A piano and bass sit ready for the performance.
Ralph Russo, cultural arts director of the Wisconsin Union Theater, warned the near-capacity crowd Saturday night that there are "lots of touchups to finalize" in the renovated auditorium space now known as Shannon Hall. But iconic bassist and UW music professor Richard Davis, brilliantly paired with Chicago piano man Willie Pickens, quickly made the place feel like home during the headlining performance of the 2014 Isthmus Jazz Festival.
The duo's lively christening of the theater's primary performance space, which originally opened in 1939, capped two days of free performances at the Memorial Union.
Davis, 84, and Pickens, 80, slowly took the stage from opposite sides -- piano at stage right and bass at center stage -- and proceeded to reinterpret a variety of jazz standards, beginning with saxophonist Charlie Parker's "Crazeology." Each man capitalized on his signature style: Pickens' spry fingers and dramatic delivery complementing Davis' melodic versatility, as the bassist alternated between plucking and bowing.
Next up was Kenny Dorham's "Blue Bossa," which revealed the wondrous intricacies of Davis' playing, followed by "Strange Vibes," a spooky hard-bop piece composed by pianist Horace Silver, who had died four days earlier. Davis and Pickens improvised to create a level of darkness not found in the original version, with Davis' stuttering bow turning the surreal listening experience into a highlight of the 80-minute performance.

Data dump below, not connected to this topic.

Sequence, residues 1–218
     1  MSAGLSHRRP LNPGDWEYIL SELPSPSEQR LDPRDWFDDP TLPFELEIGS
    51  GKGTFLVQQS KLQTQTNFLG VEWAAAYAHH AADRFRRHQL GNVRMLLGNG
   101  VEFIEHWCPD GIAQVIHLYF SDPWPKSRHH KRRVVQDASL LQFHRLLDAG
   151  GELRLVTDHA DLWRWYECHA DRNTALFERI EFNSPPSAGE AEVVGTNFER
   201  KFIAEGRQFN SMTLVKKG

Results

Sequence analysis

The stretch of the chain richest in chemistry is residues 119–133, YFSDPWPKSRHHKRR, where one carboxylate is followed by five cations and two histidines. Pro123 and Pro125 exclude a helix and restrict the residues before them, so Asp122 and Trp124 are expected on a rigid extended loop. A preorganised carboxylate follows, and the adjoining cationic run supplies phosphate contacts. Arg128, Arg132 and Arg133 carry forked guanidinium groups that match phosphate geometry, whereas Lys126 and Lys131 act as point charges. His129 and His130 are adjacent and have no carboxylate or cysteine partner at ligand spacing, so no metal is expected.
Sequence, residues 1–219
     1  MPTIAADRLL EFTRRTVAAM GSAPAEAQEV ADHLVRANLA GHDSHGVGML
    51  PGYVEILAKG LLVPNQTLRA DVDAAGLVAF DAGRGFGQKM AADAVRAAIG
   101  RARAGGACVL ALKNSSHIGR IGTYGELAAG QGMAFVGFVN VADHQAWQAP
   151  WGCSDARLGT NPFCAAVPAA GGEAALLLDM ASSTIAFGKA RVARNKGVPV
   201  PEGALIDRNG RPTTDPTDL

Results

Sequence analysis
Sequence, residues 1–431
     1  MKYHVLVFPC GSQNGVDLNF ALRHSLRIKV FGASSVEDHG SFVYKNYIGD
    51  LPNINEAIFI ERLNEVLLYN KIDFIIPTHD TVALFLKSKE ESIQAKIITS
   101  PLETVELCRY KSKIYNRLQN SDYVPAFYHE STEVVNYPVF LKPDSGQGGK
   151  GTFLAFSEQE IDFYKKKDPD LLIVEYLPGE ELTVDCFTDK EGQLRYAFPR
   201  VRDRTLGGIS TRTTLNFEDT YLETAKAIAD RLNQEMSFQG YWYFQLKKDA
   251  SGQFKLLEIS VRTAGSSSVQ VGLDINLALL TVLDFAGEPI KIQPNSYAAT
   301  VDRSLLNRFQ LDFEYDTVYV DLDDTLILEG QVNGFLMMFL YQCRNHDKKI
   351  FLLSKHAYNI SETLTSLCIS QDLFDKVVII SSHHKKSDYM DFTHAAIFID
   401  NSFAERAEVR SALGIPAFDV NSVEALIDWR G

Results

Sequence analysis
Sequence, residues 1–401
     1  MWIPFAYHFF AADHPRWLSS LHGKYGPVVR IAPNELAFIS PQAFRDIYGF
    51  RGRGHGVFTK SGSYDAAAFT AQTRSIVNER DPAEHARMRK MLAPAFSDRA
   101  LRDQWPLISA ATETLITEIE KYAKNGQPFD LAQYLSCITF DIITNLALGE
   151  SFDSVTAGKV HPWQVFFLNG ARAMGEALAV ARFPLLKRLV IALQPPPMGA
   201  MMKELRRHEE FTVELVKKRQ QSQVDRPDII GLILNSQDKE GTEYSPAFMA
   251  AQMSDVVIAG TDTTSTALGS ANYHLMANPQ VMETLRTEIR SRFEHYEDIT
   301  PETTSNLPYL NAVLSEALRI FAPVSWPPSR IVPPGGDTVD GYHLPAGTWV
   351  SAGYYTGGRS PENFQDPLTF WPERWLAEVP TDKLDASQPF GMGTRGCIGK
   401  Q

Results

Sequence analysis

Davis has worked with the likes of Sarah Vaughan, Frank Sinatra and Miles Davis, while Milwaukee-born Pickens has collaborated with Eddie Harris, Elvin Jones and Sammy Davis Jr. Each jazzman generously afforded the other a solo piece. Pickens opted for John Coltrane's "Giant Steps," while Davis performed George Gershwin's "Summertime," reinventing it as an avant-garde masterpiece, his circular bowing adding percussive elements.
Renditions of the 1942 standard "Things Ain't What They Used to Be," composed by Duke Ellington's son, Mercer, and Billy Strayhorn's "Take the 'A' Train" -- which Duke Ellington turned into one of his own signature tunes -- led to tentative clapping along before giving way to uproarious applause and standing ovations.
Shannon Hall, named after donors Michael and Mary Sue Shannon, proved the near-perfect venue for this performance, with almost all of the 1,165 new mocha-colored and wider-than-before seats filled. The "touch-ups" Russo mentioned must be mostly behind the scenes, though the house lights do not yet dim properly.
Prior to the headlining performance, Isthmus publisher Vincent O’Hern presented the 2014 Jazz Personality of the Year award to another local bassist, Nick Moran, who has been an integral part of Madison jazz for more than two decades and is program coordinator of the Greater Madison Jazz Consortium, a nonprofit organization seeking to create a more vibrant and sustainable local jazz scene.
"It's really cool to receive this award before a Richard Davis show," Moran told the crowd.